Sleep Disorders are a national epidemic: 100 million Americans have occasional
sleep problems (1/3 have some form of chronic insomnia), and 12 million
Americans between the ages of 30 and 60 suffer from sleep apnea, which
is more common than asthma. Left untreated, sleep apnea is associated
with increased risk of stroke and heart attack; accidental injury at home,
work or while driving, caused by chronic sleepiness; and hypertension
(high blood pressure).
Common Symptoms Include:
- Difficulty in falling asleep or staying asleep
- Falling asleep when inactive, during mundane activities (reading or watching TV)
- Heavy snoring combined with gasping or grunting noises during sleep
- Waking up tired, even after a full night’s sleep
- Waking up with a headache
- Irritability and short temper
- Feeling very sleepy, perpetually tired, or falling asleep at inappropriate
times (during meetings, while reading or watching TV)
- Use of medication or alcohol to fall asleep
- Awakening several times a night from your sleep
- Problems with concentration or memory
- Vivid dreaming at sleep onset
A.W.A.K.E.—Alert, Well and Keeping Energetic—is a health awareness
group for those with sleep disorders. The group is dedicated to exchanging
information and increasing awareness of sleep, sleeping disorders and
related health concerns. Everyone with a related interest in sleep and
health is encouraged to attend. This meeting is held the second Monday
of every month from 6 pm to 8 pm at the Parrish Healthcare Center at Port
St. John (south entrance). Call 321-268-6408 for more information.
A physician who specializes in sleep disorders will thoroughly evaluate
you and do a complete medical history, with an emphasis on sleep-related
issues, and a physical examination. It’s helpful if your spouse
or a family member can be present during the interview to provide additional
insight about your activities during sleep. If you need testing, we’ll
explain what test(s) we recommend and how they can help you. Most patients
are scheduled for an overnight sleep study, but some patients may need
an additional daytime study.
You’ll be in a private room with a bathroom and shower. Each suite
provides a serene, home-like environment where you can get your sleep
disorder diagnosed and/or treated using the latest techniques and technologies.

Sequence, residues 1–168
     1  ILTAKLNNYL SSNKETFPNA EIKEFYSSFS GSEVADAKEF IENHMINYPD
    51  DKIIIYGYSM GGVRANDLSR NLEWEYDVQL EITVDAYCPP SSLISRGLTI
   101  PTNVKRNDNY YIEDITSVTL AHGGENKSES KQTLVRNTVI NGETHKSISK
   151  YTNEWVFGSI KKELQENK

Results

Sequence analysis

A technician will explain the testing equipment and procedures. A variety
of sensors will be connected to you so your breathing, sleep stages, muscle
movements, eye movements, snoring, blood oxygen level, etc., can be monitored
and recorded while you sleep. Nothing about this process is painful. The
room is dark and quiet, but a technician will be able to check on you
with an infrared camera and microphone. You’ll be awakened in the
morning when the test is completed.
Results and Treatment
A physician who specializes in sleep medicine will interpret your results.
We will follow up with you to discuss the results and any recommendations.
“Thank you for last night. I am so grateful that I chose PSJ for
my sleep study. After listening to others, including those at last night's
session, I value the advice and advocacy that you and the entire Sleep
Center have provided to me. It began with just being lucky enough to have
Holly with me my first night and being able to schedule with her for the
second night as well. A friend suggested it was kinda "creepy"
to have someone watch you sleep. I found it to be comforting to have Holly
watching over me, giving such care and support. Then you called with my
results. You were so knowledgeable and reassuring in answering my questions
and providing insight into this entire medical process. When I brought
in my CPAP card for the download, Arianne was so patient and informative
in explaining what the pages and pages of print-outs meant. And then you
allowed me to test-drive some different masks to help me find the one
best suited to me. You know that I am very motivated to comply with the
requirements of my apnea treatment, but I know that I lucked out in having
Parrish PSJ as my medical mentor.”
- Meg H.